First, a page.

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24/09/2018

May dictators hide behind the principles of "sovereignty" or "territorial integrity" with impunity?

In the early morning hours of December 19, 1989, President George Herbert Walker Bush ordered the United States Army to organize a deliberate and well-accomplished attack that overwhelmed the Panamanian Defense Forces (FFPP) of dictator General Manuel Noriega. The goal was to reestablish the democratically elected government of Guillermo Endara and arrest Noriega on drug trafficking charges. In addition, there were reports that Noriega had acted as a double agent for Cuba’s intelligence agency and the Sandinistas.

"Operation Just Cause", as it was known at the time, was the largest and most complex combat operation since the Vietnam War. Nearly 26,000 combat troops were deployed. Two dozen targets were attacked throughout the country, using a wide spectrum of tactical operations including Military Operations on Urbanized Terrain (MOUT), Air-Assault, Airborne, and Special Forces. A dictator sustained by huge drug trafficking operations was removed and Noriega’s Panamanian Defense Forces (PDF) were promptly crushed, forcing the dictator to seek asylum with the Vatican nuncio in Panama City, where he finally surrendered to the US authorities on January 3rd, 1990.

However, the Organization of American States (OAS) and the European Parliament both formally protested the invasion, which they condemned as a flagrant violation of international law. Was that so? Did the US military operation violated Panama's sovereignty?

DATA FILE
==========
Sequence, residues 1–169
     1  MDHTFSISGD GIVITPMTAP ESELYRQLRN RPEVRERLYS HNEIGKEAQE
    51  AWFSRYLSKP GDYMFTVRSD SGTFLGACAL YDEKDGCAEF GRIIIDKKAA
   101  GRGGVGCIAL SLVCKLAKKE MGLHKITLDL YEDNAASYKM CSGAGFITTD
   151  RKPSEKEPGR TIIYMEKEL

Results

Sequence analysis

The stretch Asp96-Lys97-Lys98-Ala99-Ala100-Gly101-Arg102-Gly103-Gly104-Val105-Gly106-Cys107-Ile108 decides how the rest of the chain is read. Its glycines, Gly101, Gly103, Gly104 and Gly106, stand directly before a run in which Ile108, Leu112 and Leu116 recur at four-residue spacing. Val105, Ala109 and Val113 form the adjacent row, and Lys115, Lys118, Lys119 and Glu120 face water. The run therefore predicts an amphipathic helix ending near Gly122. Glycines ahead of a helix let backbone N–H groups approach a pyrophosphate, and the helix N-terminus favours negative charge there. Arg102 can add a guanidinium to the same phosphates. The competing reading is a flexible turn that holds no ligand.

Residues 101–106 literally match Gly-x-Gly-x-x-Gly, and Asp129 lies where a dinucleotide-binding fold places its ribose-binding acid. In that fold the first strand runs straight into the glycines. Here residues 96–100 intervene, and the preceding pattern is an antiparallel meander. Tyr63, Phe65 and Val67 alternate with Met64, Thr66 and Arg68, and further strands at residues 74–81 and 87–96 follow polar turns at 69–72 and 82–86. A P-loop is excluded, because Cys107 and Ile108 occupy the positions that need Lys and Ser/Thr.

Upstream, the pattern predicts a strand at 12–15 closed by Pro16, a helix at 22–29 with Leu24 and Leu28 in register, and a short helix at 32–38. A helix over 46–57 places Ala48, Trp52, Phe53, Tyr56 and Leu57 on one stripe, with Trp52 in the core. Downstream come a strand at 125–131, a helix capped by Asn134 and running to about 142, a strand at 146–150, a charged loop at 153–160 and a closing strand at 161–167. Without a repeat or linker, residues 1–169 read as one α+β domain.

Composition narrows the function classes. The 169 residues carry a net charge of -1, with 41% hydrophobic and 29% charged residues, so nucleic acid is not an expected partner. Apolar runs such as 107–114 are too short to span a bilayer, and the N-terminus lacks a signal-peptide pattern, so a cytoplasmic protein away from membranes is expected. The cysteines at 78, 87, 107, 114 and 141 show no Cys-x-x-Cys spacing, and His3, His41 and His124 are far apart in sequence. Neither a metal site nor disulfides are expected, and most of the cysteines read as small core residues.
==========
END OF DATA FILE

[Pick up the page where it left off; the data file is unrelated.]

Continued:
On Sept. 2012 world leaders and civil society representatives proclaimed their commitment to the rule of law as the foundation of equitable State relations and the basis upon which just and fair societies were built, as they adopted a lengthy declaration during the UN General Assembly’s first-ever high-level meeting on the rule of law at the national and international levels.

By terms of this “Declaration on the Rule of Law at the National and International Levels” [A/67/L.1], adopted at the start of the day-long meeting on Sept. 23, the GA reaffirmed that human rights, the rule of law and democracy were interlinked and mutually reinforcing, and that they belong to the universal and indivisible core values and principles of the United Nations. The rule of law applied equally to all States and international organizations, including the United Nations. All persons, institutions and entities were accountable to just, fair and equitable laws, and entitled to equal protection before the law, without discrimination. However, in that document delegates also rededicated themselves to supporting efforts to uphold "the sovereign equality of all States".